US names new head for its de facto embassy in Taiwan

Beijing, Mar 2 (EFE).- The United States Thursday named a President Joe Biden’s former adviser on China policy as the new head of the American Institute in Taiwan (IAT), Washington’s de facto embassy on the self-ruled island.

In a statement, the semi-official agency said Secretary of State Antony Blinken has recommended that the board appoint Laura Rosenberger as the next chair of the institute.

“As AIT Chair, Rosenberger will participate in policy-level discussions on Taiwan and represent the Administration in visits to Taiwan and in meetings with Taiwan representatives in the United States,” the statement said.

Rosenberger will step down after more than two years as senior director for China and Taiwan at the National Security Council.

On Mar.20, she will replace James Moriarty as the AIT head.

Moriarty had been in the role since 2016.

The statement noted that Rosenberger would bring to the institure nearly two decades of “deep, high-level experience on the Indo-Pacific, including on Taiwan, China, cross-Strait, and broader national security issues.”

Rosenberger has worked on these issues at senior levels in the US government.

Most recently, she was the special assistant to the president and senior director for China and Taiwan on the National Security Council (NSC) at the White House.

Taiwan has been governed autonomously since 1949 but China calls it a breakaway province and and seeks to merge it with the mainland.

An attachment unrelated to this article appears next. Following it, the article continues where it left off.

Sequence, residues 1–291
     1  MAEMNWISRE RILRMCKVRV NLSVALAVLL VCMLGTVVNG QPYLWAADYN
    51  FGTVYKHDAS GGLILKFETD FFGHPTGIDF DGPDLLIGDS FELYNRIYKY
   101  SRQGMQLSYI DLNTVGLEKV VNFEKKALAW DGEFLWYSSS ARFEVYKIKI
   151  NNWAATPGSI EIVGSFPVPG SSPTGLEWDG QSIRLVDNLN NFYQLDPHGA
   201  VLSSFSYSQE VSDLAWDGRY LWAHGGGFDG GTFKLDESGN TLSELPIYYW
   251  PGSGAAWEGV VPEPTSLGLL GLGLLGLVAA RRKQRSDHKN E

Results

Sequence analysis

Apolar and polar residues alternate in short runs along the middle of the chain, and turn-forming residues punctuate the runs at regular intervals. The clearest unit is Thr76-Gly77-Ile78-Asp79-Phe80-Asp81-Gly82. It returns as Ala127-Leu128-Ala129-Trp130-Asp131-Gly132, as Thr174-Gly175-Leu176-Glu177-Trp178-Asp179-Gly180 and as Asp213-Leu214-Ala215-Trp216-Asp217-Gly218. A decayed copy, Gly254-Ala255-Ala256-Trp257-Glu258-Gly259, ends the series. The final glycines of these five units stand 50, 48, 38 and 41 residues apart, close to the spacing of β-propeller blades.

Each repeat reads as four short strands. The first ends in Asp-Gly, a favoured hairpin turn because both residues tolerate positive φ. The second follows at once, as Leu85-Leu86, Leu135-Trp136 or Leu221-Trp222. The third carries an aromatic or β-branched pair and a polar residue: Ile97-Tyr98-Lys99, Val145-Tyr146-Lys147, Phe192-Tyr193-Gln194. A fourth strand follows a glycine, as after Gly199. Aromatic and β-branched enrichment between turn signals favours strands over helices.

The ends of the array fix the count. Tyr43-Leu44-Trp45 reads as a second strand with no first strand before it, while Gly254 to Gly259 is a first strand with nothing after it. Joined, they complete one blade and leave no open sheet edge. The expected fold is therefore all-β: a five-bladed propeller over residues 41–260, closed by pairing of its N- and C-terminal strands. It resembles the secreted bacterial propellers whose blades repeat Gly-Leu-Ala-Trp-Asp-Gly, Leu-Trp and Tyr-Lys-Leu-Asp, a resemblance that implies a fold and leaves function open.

The island was the refuge of the Chinese Nationalist Party (Kuomintang) forces after losing the civil war with the Communists, who, since then, have claimed sovereignty over the territory.

In 1979, Washington broke its official diplomatic ties with Taipei in favor of Beijing. However, the American Institute in Taiwan operates as a de facto embassy in Taipei.

Taiwanese foreign ministry spokesperson Jeff Liu welcomed the appointment of the new AIT chair on behalf of the Taiwan government.

The island is one of the biggest sources of tension between China and the US, mainly because Washington is Taiwan’s main arms supplier and its main ally in the event of a war with Beijing.

China claims for itself the sovereignty of that territory, which since 1949 it considers a rebel province for whose reunification it has not ruled out the use of force. EFE


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